• lawcourtshomepage

Criminal Courts

Summary Court (Criminal) Jurisdiction

The Summary Court (Criminal) is the first tier in the Falkland Islands Court System, dealing with all criminal cases in the first instance. The court has jurisdiction to deal with both the sentencing of those who are convicted before it and also the trial of those persons who enter a not guilty plea to the offences before the Court.

When dealing with matters before the Summary Court (Criminal), the practice and procedure is primarily governed by the Criminal Procedure and Evidence Ordinance and the Criminal Procedure Rules 2018.

The majority of the work of the Summary Court (Criminal) comprises of the least serious cases before the court, such as motoring matters or minor public order offences. This is because of the court has limited sentencing powers of up to 6 months custody. Where a defendant is convicted of an offence contrary to the Road Traffic Ordinance or Fisheries legislation, the Summary Court has all the sentencing powers of the Magistrate's Court, which can be up to three years' custody.

Where a defendant is convicted of an offence before the Summary Court, the Justices of the Peace will determine whether their sentencing powers are sufficient to allow them to deal with a case. If they believe that the offence or combination of offences is so serious that their sentencing powers are insufficient then they will commit the defendant to be dealt with before the Magistrate's Court. The Justices of the Peace make this decision based on information presented to the court by the prosecution lawyer and the defence lawyer / defendant. The court will hear about the circumstances of the offence and the personal circumstances of the offender.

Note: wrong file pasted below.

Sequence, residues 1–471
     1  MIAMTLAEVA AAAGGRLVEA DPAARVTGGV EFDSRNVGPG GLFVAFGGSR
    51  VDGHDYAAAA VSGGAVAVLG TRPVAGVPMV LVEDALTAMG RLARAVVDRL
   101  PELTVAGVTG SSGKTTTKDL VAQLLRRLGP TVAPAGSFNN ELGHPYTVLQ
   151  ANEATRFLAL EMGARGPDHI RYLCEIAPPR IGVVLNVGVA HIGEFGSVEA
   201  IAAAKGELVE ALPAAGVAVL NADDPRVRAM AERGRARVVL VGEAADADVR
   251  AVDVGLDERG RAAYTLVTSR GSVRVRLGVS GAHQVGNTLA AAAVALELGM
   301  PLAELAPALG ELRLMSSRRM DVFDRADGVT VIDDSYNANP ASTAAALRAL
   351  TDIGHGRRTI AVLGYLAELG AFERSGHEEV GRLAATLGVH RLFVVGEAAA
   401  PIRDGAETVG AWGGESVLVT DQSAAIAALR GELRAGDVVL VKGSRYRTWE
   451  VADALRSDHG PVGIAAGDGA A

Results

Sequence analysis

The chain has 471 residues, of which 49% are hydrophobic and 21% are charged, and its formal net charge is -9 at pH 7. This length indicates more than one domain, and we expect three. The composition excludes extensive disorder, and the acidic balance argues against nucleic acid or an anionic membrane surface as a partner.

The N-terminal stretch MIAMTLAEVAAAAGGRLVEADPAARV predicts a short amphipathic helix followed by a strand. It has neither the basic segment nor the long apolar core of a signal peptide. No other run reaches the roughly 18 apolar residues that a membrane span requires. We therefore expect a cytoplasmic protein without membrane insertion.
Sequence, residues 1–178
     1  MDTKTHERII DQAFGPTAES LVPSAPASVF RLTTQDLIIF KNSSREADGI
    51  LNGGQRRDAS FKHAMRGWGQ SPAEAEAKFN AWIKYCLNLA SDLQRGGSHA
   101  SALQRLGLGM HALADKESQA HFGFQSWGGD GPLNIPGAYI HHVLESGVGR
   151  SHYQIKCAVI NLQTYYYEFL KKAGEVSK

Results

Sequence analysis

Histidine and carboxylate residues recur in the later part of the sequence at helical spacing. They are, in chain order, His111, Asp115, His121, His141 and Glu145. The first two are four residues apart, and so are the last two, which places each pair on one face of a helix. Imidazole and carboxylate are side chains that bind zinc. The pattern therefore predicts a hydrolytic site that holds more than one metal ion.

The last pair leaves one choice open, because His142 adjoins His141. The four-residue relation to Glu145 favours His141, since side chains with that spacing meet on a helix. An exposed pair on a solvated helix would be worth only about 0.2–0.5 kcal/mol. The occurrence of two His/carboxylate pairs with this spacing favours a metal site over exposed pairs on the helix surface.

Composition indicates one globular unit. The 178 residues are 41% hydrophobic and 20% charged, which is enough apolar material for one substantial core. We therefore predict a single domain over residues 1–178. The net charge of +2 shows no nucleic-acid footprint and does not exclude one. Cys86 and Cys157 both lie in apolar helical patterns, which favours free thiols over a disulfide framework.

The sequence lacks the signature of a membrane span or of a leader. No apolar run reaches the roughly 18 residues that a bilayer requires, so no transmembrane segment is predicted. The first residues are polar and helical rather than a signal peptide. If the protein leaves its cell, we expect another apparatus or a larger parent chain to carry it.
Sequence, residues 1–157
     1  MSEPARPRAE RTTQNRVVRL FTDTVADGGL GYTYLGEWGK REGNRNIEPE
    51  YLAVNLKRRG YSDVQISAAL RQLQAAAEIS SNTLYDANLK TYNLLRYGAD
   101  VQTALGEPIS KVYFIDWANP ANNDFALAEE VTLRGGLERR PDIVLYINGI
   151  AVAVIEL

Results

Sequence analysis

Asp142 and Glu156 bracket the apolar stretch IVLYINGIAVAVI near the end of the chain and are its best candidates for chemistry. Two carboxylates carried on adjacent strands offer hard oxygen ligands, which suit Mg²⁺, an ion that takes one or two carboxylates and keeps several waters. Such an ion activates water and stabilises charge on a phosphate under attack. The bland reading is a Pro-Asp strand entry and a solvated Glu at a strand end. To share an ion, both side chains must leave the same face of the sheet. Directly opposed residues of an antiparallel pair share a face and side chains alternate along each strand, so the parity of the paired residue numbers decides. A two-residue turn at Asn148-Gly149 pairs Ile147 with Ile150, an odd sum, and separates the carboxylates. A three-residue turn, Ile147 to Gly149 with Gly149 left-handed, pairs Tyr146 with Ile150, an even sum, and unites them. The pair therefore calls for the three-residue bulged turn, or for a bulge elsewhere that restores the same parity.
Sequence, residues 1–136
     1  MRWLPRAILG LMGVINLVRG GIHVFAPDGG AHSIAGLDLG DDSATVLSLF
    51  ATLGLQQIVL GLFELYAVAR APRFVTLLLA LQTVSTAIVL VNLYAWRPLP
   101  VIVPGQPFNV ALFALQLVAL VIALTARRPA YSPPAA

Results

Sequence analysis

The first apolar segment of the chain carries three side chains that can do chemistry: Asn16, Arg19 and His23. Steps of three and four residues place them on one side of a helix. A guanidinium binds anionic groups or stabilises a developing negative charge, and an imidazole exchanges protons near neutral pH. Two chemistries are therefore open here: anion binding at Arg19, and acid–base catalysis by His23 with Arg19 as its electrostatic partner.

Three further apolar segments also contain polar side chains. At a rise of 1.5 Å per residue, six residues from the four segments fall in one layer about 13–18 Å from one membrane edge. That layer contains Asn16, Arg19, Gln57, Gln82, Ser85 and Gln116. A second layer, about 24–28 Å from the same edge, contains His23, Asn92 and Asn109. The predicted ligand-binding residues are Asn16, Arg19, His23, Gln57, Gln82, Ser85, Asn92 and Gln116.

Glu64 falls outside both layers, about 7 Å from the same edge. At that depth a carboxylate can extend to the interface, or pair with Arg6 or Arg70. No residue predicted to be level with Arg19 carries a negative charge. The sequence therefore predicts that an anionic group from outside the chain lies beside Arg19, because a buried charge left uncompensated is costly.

The Justices may also decide that a matter should be dealt with by the Magistrate's Court because the defendant has other matters before the Magistrate's Court, or there is a co-accused already before the Magistrate's Court, or because the case may involve complex points of law, or because the matter is of particular public interest, or for any other reason that is in the interests of justice.

 

Sentences the Court can give

The law gives maximum penalties for offences. Every court is bound by these and no court can impose a sentence in excess of that written in the law for an offence. The maximum sentence tells the court what the highest sentence is that they can impose. The Summary Court is ordinarily limited to a maximum sentence of 6 months’ imprisonment or a fine of £5,000. There are a number of different sentencing options that all courts in the Falkland Islands can impose before they reach the maximum sentence. These are set out below in ascending order of seriousness:

Absolute / conditional discharge

This is the lowest end of the penalty range for the Court and is only imposed when the court finds it inexpedient to punish the defendant.

Compensation

Imposed to recompense a victim for personal injury, loss or damage. This may be imposed at the same time as any other sentence. The maximum amount of compensation that the Summary Court may impose is £5000 per offence. There is no limit on the amount of compensation that the Magistrate's Court may impose.

Fine

Imposed as punishment for an offence. The maximum level of fine that the Magistrate's Court may impose is unlimited. The Summary Court may impose a fine of up to £5000 per offence.

Community Order

Imposed as punishment for an offence. The order may be any length up to a maximum of three years, as determined by the court. The court must impose at least one (or more) of the requirements from the following list:

- Unpaid work - the defendant to work a number of hours in the community (between 40 and 300) as determined by the Court.